A young policeman knocked on Ivan M. Papchenko’s front door one recent afternoon, brandishing a complaint from the National Memory Institute of Ukraine and demanding to know why this village had resurrected Lenin.
Semyonovka stood accused of being a “de-communization” scofflaw.
Mr. Papchenko, the local Communist Party chief, refused to concede that anything was remotely amiss. The Lenin statue, he said, was long gone from the town’s Red Square. The expanse of naked asphalt, even more dreary without the statue, does not exactly conjure up the grand Moscow version.
Instead, Semyonovka’s 12-foot, silver-colored Lenin with his right arm extended had been propped back up on a plinth tucked away in a leafy park. “We want to preserve this small corner of Soviet history,” said Mr. Papchenko, 67, a stout former school principal whose multiple gold molars attested to his own life in the U.S.S.R. “If they destroy all signs of the past whenever the ideology changes, what will be left?”
Ukraine has embarked on a quest for a new identity, a fallout from the hybrid war that President Vladimir V. Putin of Russia unleashed in early 2014. The country is trying to separate itself from the long historical baggage of the Russian and Soviet empires.
Vladimir Vyatrovich, 38, a historian and the head of Ukraine’s National Memory Institute, predicted somewhat rashly that if the effort succeeded in Ukraine, it would cause fateful reverberations next door.
Russia’s modern identity basically started with the 17th-century invasion of what is now Ukraine, Mr. Vyatrovich said. “So the moment when Ukraine finally manages to become a totally independent state will also be the moment when Russia’s imperialistic identity ends.”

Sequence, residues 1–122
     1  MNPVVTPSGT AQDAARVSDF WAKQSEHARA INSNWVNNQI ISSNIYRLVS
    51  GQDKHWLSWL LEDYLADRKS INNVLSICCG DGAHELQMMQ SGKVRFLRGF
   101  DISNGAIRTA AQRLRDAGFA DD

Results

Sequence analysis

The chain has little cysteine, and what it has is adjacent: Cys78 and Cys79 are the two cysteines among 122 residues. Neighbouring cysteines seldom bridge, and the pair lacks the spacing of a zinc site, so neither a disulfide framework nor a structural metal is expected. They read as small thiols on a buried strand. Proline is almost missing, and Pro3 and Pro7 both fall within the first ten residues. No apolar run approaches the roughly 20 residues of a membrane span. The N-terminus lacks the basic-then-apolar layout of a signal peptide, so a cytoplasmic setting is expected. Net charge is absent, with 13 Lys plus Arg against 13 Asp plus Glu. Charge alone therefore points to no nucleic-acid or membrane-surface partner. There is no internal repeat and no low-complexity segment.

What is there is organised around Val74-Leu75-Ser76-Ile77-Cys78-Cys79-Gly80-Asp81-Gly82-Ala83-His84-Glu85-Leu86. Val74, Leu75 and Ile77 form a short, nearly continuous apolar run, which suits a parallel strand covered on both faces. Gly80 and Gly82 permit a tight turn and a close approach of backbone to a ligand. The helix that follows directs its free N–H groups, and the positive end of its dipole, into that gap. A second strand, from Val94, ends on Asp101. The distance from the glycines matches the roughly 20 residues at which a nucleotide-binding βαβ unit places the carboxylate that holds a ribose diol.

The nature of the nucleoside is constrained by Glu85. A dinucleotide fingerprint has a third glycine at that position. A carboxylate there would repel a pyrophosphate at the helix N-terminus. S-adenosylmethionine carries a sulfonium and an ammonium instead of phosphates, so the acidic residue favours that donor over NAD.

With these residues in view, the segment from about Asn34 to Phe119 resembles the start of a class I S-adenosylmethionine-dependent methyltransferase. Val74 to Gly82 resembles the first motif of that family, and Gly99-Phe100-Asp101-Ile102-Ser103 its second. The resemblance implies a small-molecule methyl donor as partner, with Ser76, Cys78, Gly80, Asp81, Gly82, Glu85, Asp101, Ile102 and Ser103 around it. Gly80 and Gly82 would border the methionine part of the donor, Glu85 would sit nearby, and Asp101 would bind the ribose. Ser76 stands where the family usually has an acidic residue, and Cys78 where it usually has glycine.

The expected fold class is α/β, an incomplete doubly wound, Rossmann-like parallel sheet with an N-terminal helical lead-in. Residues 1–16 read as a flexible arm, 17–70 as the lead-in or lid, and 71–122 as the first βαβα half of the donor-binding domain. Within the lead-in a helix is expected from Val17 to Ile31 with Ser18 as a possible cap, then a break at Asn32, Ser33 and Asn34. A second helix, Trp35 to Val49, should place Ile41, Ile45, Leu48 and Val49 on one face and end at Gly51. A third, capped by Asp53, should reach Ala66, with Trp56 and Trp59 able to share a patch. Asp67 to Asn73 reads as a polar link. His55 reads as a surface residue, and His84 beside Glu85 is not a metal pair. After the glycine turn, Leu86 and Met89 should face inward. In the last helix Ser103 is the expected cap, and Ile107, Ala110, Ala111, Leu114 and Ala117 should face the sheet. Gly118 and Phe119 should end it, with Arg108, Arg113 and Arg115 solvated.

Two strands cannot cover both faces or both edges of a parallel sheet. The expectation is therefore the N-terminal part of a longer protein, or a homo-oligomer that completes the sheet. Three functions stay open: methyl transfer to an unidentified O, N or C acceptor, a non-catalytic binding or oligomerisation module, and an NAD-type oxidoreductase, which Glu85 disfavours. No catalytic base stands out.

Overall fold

Mr. Vyatrovich helped push four “memory laws” through Parliament last spring.
The laws dumped the Soviet traditions for commemorating World War II, opened up what K.G.B. secret police archives remained in Ukraine and sought to rehabilitate certain Ukrainian independence fighters whom Moscow had long pilloried as Nazi collaborators.
The fourth law, the one with arguably the most tangible effect nationally, required the removal of all names and symbols linked to the Communist or Nazi past.
A fight has emerged over the Communist symbols, however, not unlike that between supporters and opponents of the Confederate battle flag in the southern United States.
For opponents, the Lenin statues might as well be Russian agents.
“A concentration of Lenin statues is a sign of danger where ‘polite people’ might appear,” Mr. Vyatrovich said in an interview. Polite people is the Russian euphemism for the anonymous Russian Special Forces troops who seized Crimea.
His allies argue that the statues clash with the democratic values that Ukrainians want to instill in the next generation.
Fans of the Communist-era symbols tend to be older Ukrainians who still long for the Soviet era. They and others argue that Ukraine faces far more severe problems, like an economic nose dive, that should take precedence, and furthermore that the state should not mandate historical interpretation.
“They behave like Bolsheviks: ‘We have to wipe out the past!’ ” said Georgiy V. Kasyanov, a historian and education reform activist. “They think the Soviet legacy can be destroyed by destroying statues of Lenin or by renaming streets, which is false. They are wrestling with ghosts.”
Critics call destroying the symbols a sop to the small but vocal right-wing movement. The main font of a new identity, they argue, should be a definition of citizenship that incorporates Tatars, Jews, Poles and others ostracized for centuries.
Lenin statues and Lenin streets used to be ubiquitous. “This was Leninland,” Mr. Vyatrovich said, with 5,500 statues in Ukraine when the Soviet Union collapsed in 1991.
By the time of the Maidan uprising in Kiev that toppled the pro-Russian government in February 2014, Ukraine was down to about 1,300 Lenins, he said. Five hundred more have come crashing down since.